Jurich, in fact, was still the biggest presence in the room, even if he wasn’t there. And that’s a problem. His son, Mark, was in the crowd. It’s a tough situation for him, because Vince Tyra has been a mentor and great friend. Tyra and Tom Juirch are friends, and Tyra didn’t try to downplay that.
“His legacy is all around us,” Tyra said.
After meeting with reporters, Tyra had a brief meeting with coaches of every sport at the school. Everyone in the room had been hired by Tom Jurich. When Tyra meets with the athletic department staff, almost everyone will have that same thing in common.
What to do about Jurich is the $100 million question for university leadership.
Soccer coach Ken Lolla explained it this way: “People have talked about cleaning house. I think our house is in pretty good shape. It’s not needing condemning. It’s one room that needs a little tidying up. I think the rest of the rooms are in pretty good shape, in a place where you’re very proud to bring people in and saying, ‘This is what we’re about.’”
Lolla is a smart man. His opinions matter in this regard. When Rick Bozich and I first sat down to ponder this monumental question of who could lead U of L athletics in this time of crisis, Lolla, baseball coach Dan McDonnell and swimming and diving coach Arthur Albiero were the first people that came to my mind, and it had nothing to do with winning or business acumen, and everything to do with an unflinching adherence to doing things the right way.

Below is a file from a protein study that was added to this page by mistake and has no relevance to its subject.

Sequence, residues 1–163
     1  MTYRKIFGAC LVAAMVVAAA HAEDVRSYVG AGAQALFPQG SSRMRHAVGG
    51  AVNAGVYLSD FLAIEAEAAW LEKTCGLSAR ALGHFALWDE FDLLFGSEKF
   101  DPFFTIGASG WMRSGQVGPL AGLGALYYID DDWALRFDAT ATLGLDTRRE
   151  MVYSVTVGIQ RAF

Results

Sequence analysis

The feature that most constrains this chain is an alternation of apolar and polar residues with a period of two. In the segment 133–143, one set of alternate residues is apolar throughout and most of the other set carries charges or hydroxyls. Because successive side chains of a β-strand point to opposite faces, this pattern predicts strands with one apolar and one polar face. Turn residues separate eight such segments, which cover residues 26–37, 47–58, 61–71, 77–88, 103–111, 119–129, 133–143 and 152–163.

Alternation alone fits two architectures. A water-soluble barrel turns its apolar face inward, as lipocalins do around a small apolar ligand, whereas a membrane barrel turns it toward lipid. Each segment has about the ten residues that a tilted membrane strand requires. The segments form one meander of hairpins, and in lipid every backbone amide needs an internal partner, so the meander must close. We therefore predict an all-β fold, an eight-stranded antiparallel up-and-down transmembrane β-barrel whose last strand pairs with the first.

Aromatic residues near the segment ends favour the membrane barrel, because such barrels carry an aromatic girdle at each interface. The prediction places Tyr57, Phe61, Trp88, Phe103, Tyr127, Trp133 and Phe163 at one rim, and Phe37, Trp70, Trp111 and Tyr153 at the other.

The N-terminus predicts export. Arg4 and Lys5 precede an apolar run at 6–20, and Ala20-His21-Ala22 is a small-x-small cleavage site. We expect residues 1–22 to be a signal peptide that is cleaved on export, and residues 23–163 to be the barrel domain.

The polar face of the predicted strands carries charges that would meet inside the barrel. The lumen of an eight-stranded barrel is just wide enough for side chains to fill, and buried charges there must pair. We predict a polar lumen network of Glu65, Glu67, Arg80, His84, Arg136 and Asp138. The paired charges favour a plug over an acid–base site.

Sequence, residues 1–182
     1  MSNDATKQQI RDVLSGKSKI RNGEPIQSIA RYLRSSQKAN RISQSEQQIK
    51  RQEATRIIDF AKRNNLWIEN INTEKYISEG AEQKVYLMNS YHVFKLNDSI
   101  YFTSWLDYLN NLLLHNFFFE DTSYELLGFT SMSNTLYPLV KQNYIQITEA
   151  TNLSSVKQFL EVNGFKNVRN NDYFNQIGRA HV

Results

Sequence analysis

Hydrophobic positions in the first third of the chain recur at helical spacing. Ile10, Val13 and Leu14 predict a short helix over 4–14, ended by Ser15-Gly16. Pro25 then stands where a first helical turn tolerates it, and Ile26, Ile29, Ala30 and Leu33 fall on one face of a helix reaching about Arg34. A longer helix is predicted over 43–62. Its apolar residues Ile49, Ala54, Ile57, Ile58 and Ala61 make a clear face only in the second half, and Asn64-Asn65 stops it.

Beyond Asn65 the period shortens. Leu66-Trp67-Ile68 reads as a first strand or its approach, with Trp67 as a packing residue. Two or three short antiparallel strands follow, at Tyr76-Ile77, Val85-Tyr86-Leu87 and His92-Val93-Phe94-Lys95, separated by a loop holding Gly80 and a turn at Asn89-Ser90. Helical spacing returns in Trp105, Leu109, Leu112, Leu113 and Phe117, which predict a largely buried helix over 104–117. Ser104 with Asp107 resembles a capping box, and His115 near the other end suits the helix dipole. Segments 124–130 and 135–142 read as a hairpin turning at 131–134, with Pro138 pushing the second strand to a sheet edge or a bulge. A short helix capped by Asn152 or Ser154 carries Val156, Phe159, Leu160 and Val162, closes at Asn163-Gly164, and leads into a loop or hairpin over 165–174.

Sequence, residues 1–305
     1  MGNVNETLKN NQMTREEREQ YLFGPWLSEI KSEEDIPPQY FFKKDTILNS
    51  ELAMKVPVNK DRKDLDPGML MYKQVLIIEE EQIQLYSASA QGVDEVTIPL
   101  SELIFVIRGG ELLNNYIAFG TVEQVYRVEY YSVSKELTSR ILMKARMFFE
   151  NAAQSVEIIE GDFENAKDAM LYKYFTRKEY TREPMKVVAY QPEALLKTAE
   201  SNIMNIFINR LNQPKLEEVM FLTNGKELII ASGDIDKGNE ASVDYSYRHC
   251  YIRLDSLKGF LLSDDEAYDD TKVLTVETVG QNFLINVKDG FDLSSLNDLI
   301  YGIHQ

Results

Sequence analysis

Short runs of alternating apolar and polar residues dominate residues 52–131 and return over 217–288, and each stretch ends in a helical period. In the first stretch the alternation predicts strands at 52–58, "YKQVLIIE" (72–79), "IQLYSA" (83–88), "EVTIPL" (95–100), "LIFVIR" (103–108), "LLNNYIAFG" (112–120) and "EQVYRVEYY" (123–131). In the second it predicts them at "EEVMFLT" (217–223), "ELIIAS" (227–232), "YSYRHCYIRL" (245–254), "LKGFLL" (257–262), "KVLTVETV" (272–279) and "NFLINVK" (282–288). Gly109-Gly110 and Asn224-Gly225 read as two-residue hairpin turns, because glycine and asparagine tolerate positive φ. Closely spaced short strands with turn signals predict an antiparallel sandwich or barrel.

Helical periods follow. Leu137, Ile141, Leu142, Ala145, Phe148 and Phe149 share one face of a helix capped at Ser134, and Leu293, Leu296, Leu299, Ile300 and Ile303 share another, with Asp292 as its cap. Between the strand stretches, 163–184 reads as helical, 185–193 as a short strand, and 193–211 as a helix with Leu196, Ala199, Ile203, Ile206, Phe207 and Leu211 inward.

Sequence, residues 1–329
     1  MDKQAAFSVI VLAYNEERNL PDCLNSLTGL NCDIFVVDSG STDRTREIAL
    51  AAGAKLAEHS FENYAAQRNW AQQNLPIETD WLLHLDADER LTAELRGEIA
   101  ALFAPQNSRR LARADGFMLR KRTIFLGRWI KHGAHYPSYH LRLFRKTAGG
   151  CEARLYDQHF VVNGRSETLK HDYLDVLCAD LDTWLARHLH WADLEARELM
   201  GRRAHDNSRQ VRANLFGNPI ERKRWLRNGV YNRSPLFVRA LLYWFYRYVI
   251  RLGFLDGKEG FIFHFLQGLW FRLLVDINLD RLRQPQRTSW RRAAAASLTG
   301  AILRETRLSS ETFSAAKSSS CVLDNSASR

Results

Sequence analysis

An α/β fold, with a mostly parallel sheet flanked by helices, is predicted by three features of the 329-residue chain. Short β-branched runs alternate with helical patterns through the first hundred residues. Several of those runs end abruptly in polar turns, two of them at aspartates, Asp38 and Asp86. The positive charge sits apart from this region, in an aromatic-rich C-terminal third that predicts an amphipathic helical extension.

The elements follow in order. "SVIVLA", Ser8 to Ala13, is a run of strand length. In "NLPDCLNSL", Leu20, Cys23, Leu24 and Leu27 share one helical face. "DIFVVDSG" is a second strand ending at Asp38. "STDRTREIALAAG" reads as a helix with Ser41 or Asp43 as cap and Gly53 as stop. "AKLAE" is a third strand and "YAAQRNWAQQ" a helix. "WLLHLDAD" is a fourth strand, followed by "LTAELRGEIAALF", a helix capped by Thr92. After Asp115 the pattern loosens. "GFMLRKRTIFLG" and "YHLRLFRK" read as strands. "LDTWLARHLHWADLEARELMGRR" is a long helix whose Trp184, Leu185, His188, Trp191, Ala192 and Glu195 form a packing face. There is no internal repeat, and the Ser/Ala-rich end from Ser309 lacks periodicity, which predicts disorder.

Those guys are the genuine article, and there are other coaches at U of L who are cut from the same cloth. A great many.
So Lolla’s words have validity. Jurich, like him or not, didn’t just leverage community and university resources to build a bunch of facilities, he has built a program with great coaches, and a department full of capable and talented people.
But here’s where I would differ slightly from Lolla’s comments. The men’s basketball room in the U of L athletic house is not in need of “a little tidying up.”